Have you ever taken your car into the shop and been given bad news: they recommend you do a repair and it’s going to cost over $1,000. I got that news a few weeks ago, and as I’m saving up money for my wedding I knew I didn’t have that kind of money for repairs.
I also knew that I needed to replace the suspension, or struts, on our car. We have a 2000 Buick Century and it meets the criteria for the greatest car in the world: it runs and we don’t have a car loan. The problem is the car is 13 years old and has almost 130,000 miles on the odometer. And in all that time, the suspension had never been replaced.
Did I Really Need New Suspension?
So the shop told me I needed new suspension, but were they being honest or just trying to get me to pay them to do some work? I did a little research and found this link from Pep Boys that gives some recommendations for when to change your struts and shocks. Some of the symptoms we were experiencing were uneven tire wear, excessive nose dive when breaking, and excessive vehicle bounce.
When we hit a bump in this car it would bounce up and down for about 5 minutes until it finally settled down. Okay, I might be exaggerating a bit. But it was pretty clear that the car could use new suspension. I want us to be safe as we take some trips (like a road trip to St. Louis for the Financial Blogger Conference where I’ll be the MC for the Plutus Awards again this year!).
I was willing to accept that we could use new struts and shocks, but I wasn’t willing to pay $1,100 for the new parts and installation.
I know how to change my oil and change a flat tire, so I decided to see if I could change out my strut assemblies as well.
Parts and Tools for Replacing Strut Assemblies
I don’t know much about cars, but here’s what I know about the suspension. If you want to change just a small part of your suspension (like the strut itself) then you need special tools to decompress tightly wounds springs. It can be very dangerous, and in my case I didn’t know which specific part of the strut assembly would need to be replaced. I opted to just order brand new pre-built strut assemblies.
Parts – $282.24
I ordered strut assemblies from Amazon. I got two front strut assemblies for $150.42 and two back strut assemblies left and right for $131.82. The shop quoted me $620.22 for the parts they were going to use. That’s a savings of $337.98 already. If I wasn’t able to install them myself, I could have at least bought the parts and had that shop install them. That’s still a big savings that many people don’t consider. Keep in mind, the shop might take longer to do the install (aka, charge you more in labor) if there is anything about your parts that are different from the ones they are familiar with.
Tools – $103.44
I have a set of rhino ramps for changing the oil in the car, but you can’t use rhino ramps when you are taking off the wheels. Thus, I had to buy a jack and jack stands. I also needed another set of wheel chocks to make sure my car didn’t roll away once I jacked it up. If you work on your car often, you probably already have these tools and won’t need to buy them. Here are the ones I ordered:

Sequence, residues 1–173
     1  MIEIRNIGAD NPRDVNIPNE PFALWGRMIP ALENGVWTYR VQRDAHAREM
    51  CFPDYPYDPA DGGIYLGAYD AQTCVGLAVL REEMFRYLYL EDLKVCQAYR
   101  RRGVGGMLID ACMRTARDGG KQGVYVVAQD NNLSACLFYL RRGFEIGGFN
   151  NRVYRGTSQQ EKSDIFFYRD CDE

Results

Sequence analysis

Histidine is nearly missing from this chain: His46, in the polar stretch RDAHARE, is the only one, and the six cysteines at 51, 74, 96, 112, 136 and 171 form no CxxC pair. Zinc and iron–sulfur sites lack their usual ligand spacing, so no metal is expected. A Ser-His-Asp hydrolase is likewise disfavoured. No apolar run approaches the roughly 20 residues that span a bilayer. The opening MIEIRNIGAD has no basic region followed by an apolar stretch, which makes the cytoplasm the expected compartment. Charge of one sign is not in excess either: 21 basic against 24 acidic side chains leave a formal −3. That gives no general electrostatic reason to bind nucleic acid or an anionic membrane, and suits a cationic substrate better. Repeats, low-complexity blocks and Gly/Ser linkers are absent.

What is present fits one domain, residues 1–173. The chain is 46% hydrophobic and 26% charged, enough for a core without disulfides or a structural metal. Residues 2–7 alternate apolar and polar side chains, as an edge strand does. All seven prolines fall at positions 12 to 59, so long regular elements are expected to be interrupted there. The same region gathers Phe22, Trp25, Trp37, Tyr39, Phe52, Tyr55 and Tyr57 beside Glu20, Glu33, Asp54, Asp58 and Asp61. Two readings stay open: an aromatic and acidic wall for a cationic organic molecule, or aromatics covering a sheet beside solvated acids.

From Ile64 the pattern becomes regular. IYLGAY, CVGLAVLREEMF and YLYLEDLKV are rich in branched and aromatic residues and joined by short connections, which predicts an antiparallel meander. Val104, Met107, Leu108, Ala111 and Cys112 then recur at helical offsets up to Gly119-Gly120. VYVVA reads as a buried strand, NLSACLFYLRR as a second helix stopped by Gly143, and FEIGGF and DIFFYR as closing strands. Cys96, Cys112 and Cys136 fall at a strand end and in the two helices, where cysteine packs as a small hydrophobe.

- Torin T83006 3 Ton SUV Service Jack – $63.13
- Torin T43002A 3 Ton Double Locking Jack Stands (sold In Pairs); New– $24.99
- RhinoGear 11930 Tire Hugger Wheel Chock – Set of 2– $5.67
After tax my total came to $103.44. I also needed a ratchet set and a hammer, but if you don’t already have those things then you might want to reconsider doing this kind of work. Also, prices change on Amazon all the time so they might be more or less if you click through to check.
Total Cost – $385.68
My total cost for everything was $385.68. The shop quoted me about $1,100. By doing this myself I’m saving just over $700. Pretty cool huh?
How to Replace Your Suspension
This isn’t an auto blog so I won’t bore you with the details, but it’s actually pretty easy. Here’s essentially what I did:
- Jack up the car and take off the wheels.
- Remove 5 nuts and bolts for each front strut assembly and 7 for each rear strut assembly to take out the old ones
- Put the new ones in and put those 5 or 7 nuts and bolts back.
- Put the wheels back on and lower the car.
So that’s the simple version, although it did take me about 6 hours. For someone who is a little more experienced with working on cars, it would obviously take much less time.
Here is one of the many video tutorials I used to help me figure it out. It’s all online and it’s all free.
One final step is to have the car aligned. I don’t know how to do that so I just paid the shop $90 to do it for me. If you are up for figuring that out yourself then go for it. It seems complicated and at just $90 I think it’s worth it to let the professionals do it.
I Saved $700 in 6 Hours
Here’s the bottom line: I replaced the suspension in my car, making my car safer and helping it last longer (which is important since it’s our only car). I also did it for over $700 cheaper than it would have cost to have the shop do it.
As far as I’m concerned, I made about $116 per hour working on my car. I don’t know about you, but I don’t even make half that much at my normal job.
If you can work on your own car, do it. You know I’m not a big fan of frugality and pinching pennies, but we’re talking about hundreds of dollars here.
Readers: Have you ever worked on your car to save yourself money on repairs? What did you do and how much did you save?
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